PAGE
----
The Library Unbound: The Phoenix Fairy, Babe and The Magic Grove
       
     
Babe cheek close-up.JPG
       
     
 Babe  There is always history where ever we go, waiting to be discovered and rediscovered.   This is the concept I want to convey to the children of Seattle with Babe, a large glitteringly beautiful portrait bust of the Blue Ox.  I had a dim understanding, like many transplants to the area, that Seattle was built on the logging industry.  But knew little more than that.  What I discovered, from the resources at the library, is that there is a rich connection between the logging history of the US, the creation and recording of Paul Bunyan folklore and the Pacific Northwest, namely, Seattle.  I see the Ox, quietly looming above the stacks like an oracle, as if observing the activity, reminding children that the library can bring us to a better understanding of our own surroundings, and the history of it just below the surface.   Back when Seattle was the deep woods, a unique oral tradition was continuing to grow, one brought here by the migrating loggers as they made their way from  Maine to Michigan, Wisconsin, Minnesota and then to the Pacific Northwest.  The Paul Bunyan legends weren't originally intended to please children, but rather to entertain and distract the roughest of men from incredible hardships and an extremely dangerous way of life.   Paul Bunyan was a hero to people who were cut off from larger society, perhaps immigrants, who needed to feel they possessed extraordinary abilities, courage and where a part of something great.  As loggers moved from camp to camp, the unique quality of that camp's  stories would go with him, be  retold and mixed with the flavor of the new camp.   This is how we have stories about the Puget Sound that seem vaguely familiar to the ones about the Lake States.   In his book published in 1947, Seattle historian James Stevens calls the stories “the art of the plain American”,  a highly imaginative, inventive and outlandish creative output by people who mostly were not extensively schooled and many most likely could not read.  Stevens writes “ thousands of unknown narrators ... contributed to this legend and, today, our understanding of that time as they saw it,  not what was written down by people outside of the camps. “  For the children of today, these outlandish and preposterous stories can  function as a primary source, a clear view right though Babe's eyes to the way it was. I chose to be inspired more by the nature of the past than by the Big Men.  In the story of Babe's birth, we see an introspective, intimate vision of Paul, but we also see the stunning beauty of Babe.  And this is where my vision of the Ox comes from.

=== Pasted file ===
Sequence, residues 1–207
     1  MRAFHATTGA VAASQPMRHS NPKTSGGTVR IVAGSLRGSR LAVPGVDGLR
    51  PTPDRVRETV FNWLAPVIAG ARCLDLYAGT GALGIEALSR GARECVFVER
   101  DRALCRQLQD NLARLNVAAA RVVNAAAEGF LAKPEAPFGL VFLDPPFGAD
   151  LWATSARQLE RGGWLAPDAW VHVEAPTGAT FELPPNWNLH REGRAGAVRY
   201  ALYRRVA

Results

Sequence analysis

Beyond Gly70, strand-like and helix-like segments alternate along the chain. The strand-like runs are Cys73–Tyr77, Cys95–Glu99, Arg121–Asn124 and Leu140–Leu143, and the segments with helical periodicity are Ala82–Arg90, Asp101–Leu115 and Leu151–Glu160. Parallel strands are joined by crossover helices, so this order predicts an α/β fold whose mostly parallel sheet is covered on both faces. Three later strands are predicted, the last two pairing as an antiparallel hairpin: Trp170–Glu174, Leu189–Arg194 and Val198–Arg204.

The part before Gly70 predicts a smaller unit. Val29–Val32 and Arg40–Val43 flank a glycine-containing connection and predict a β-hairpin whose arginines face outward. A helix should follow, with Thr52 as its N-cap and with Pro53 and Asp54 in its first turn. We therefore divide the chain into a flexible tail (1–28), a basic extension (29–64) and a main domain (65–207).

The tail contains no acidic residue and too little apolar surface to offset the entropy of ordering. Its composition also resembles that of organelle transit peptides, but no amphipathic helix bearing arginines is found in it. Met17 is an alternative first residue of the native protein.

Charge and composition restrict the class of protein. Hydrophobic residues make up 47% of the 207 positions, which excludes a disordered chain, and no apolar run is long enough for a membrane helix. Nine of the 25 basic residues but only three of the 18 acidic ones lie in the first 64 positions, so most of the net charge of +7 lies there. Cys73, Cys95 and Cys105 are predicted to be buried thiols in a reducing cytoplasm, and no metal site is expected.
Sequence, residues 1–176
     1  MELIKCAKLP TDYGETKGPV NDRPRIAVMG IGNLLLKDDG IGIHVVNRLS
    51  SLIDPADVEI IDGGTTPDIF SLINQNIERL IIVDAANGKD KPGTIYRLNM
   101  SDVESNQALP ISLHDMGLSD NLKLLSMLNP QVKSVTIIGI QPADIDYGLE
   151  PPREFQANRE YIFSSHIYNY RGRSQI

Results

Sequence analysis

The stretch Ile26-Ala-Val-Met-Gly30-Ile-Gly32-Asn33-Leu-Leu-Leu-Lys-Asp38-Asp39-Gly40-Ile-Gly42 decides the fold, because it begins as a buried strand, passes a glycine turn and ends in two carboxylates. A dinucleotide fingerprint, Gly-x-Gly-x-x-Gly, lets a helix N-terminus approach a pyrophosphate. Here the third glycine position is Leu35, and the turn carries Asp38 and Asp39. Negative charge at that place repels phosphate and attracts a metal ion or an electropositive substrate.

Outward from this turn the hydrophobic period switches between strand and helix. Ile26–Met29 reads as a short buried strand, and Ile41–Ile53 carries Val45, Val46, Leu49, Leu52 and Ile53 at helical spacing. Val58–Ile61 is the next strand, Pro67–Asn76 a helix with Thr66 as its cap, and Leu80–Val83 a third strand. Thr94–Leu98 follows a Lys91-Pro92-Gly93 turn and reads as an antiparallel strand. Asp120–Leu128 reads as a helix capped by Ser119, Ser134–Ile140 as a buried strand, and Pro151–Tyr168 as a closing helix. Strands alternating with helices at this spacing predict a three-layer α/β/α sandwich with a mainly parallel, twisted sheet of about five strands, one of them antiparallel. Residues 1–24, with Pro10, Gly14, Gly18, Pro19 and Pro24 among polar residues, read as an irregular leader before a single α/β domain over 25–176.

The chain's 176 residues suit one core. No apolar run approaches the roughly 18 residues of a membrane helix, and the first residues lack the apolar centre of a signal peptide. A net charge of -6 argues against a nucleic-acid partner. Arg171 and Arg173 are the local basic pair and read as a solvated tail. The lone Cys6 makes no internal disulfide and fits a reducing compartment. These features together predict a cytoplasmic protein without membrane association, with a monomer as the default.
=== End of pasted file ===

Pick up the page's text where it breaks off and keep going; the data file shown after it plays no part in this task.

“The drifts of the beautiful unnatural snow melted away in streams of blue water, and the marvelous color of this historic winter vanished, but the glittering blue of Be`be`'s  silken hair remained.  His tail brush was of a darker blue; it looked like a heavily foliaged cypress bough in purple twilight; and Be`be` was proud of this wonderful tail brush that belonged to him, for he would twist it from behind him and turn his head and stare at it by the hour” -- James Stevens “The Winter of the Blue Snow”   
       
     
close up Phoenix feathers.jpg
       
     
 The Phoenix Fairy      The body of ideas and imagery about the Phoenix arches across mythology, astrology, astronomy, world religions, animal behavior, history and children's literature.  There are so many different interpretations of her, but in essence, she is a symbol of renewal, of resilience (because of her trial by fire), and of immortality.  This desire for immortality spans across nearly every religious tradition, and is a  persistent human fixation in one form or another.       But the Phoenix  illustrates a particular view of immortality.  The corporeal body of the bird ages; she becomes haggard, world weary and foresees her death.  Reborn from her own ashes, she is the same bird, but also a different bird , a new bird.  Hers is not a life of static sameness but is reborn at every age.  Early on, while discussing my ideas about this image with the children's librarians, one made an analogy between the Phoenix and the Central library, how the new building is a rebirth of the library – re-invisioned concepts, new body, but its core purpose the same.  Its store of wisdom and knowledge remains. It even emerges from the site of the old, for the third time.   I'd like to extend this analogy to Knowledge itself; continually reinvented as it stays the same .  Human inquiry seems always in a state of re-discovery of what has passed  as well as innovation unimagined before.   As an emblem of children’s guide through the library,  the Phoenix Fairy rests in the rafters close to the literal stewards of the children's section; perched above the librarians' information desk, the red of her feathers picks up the red of their desk, as well as the red of the information centers throughout the library.   
       
     
Phoenix chest close up.JPG
       
     
larger close up Phoenix feathers.jpg